This is apparently because:
- many records are solitary,
- host records published are full of misidentifications,
- a large amount of records is just copied from unspecified sources,
- a record from a given area cannot necessarily be generalized to the species level, etc.
Also: many names have recently been changed; e.g., 6 of 7 species of Cynanchum recorded as hostplants for danaines are now placed in the genera Vincetoxicum and Tylophora, respectively. Consequently, many records giving genus names only are of no use at all. But interestingly, in the pattern we see that Cynanchum species are utilized by Amauris only and not also by Danaus!
If we 'correct' the all data according to the above comments, not many are left – too few for conclusive statements.
What remains without any doubt is:
- Amauris, the African genus which apparently has the most complex mimicry associations feeds exclusively on hostplants not containing cardenolides.
- Larvae of the SE-Asian genus Idea exclusively feed on Parsonsia, an apocynad rich in PAs. The adults do not show pharmacophagy.
But these perceptions do not provide answers but rather more puzzles.
What are the conclusions?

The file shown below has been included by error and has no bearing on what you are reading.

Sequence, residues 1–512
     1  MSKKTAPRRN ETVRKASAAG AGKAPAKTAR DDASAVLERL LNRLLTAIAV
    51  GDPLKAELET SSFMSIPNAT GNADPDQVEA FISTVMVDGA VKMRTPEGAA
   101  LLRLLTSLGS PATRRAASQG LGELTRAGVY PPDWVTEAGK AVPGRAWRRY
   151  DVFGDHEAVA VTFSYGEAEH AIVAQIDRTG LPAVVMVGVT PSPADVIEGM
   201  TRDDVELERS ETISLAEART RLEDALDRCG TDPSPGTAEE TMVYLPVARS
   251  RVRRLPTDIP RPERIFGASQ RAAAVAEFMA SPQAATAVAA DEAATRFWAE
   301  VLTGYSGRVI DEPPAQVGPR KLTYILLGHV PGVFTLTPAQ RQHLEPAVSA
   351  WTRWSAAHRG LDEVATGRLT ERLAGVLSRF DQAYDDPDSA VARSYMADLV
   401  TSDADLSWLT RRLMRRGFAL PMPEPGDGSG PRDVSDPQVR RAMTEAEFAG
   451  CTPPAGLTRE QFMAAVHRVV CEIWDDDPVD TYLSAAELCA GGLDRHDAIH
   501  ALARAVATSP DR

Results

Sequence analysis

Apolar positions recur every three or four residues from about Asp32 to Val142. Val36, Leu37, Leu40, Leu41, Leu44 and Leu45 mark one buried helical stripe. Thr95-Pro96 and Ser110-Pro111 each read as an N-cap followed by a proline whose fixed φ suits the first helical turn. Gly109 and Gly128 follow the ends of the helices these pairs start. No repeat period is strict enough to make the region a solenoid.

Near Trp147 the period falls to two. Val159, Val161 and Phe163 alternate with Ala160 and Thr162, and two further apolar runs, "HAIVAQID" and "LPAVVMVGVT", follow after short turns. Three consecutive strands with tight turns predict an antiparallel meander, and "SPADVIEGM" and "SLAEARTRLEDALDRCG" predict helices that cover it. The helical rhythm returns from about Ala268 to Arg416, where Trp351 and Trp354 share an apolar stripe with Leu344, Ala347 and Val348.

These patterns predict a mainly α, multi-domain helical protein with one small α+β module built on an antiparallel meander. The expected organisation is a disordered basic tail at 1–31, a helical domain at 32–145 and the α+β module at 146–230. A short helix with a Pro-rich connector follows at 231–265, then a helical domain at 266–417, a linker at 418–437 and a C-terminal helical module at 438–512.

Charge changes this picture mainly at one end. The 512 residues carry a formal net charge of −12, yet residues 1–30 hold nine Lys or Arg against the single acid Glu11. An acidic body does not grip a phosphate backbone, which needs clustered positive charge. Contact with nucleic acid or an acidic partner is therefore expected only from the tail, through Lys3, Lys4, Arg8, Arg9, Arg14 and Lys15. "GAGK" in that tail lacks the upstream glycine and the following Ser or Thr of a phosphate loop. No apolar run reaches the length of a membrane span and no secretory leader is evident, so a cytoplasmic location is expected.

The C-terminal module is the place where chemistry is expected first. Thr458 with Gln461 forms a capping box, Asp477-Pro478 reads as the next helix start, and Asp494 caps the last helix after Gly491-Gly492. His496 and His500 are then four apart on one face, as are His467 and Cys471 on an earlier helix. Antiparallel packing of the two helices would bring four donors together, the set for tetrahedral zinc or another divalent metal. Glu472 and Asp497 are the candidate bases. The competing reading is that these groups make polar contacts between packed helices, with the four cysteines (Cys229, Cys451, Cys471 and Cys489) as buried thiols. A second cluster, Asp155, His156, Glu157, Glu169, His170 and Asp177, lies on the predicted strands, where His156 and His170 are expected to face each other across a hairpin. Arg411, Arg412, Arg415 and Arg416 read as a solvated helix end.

We apparently have to wait another while to gain proper insight into the phylogeny of Danainae.
1. Definitely, comprehensive molecular studies are urgently needed – only they can resolve the many uncertainties in the cladograms of Ackery & Vane-Wright of 1984 which are solely based on morphological data.
2. We need experimental approaches, biological and chemical ones. They are nowadays difficult to be funded but will be done eventually by someone.
But in particular, we
thirdly are in need for many more basic (= old-fashioned) ecological (field) data, because molecular information alone does not permit to understand the evolution of the various life-histories and life-styles, and experimental approaches are necessarily restricted to selected species.
The data required cannot be gathered straightforwardly by a PhD student, not even by ten or a hundred. One highly depends on opportunities such as being at the right time at the right spot, and one cannot do this job systematically.
I am sure that many observations are in the minds of people already but are not published for a variety of reasons. But accidental observations are of equal value to systematic searching, and a single record can be of high valuable in the large context. Since we are not talking about missing data from the US or Europe or Australia but of Africa, SE Asia and South America, the knowledge and abilities of amateurs (and bachelor and master students) living in these regions need to be involved.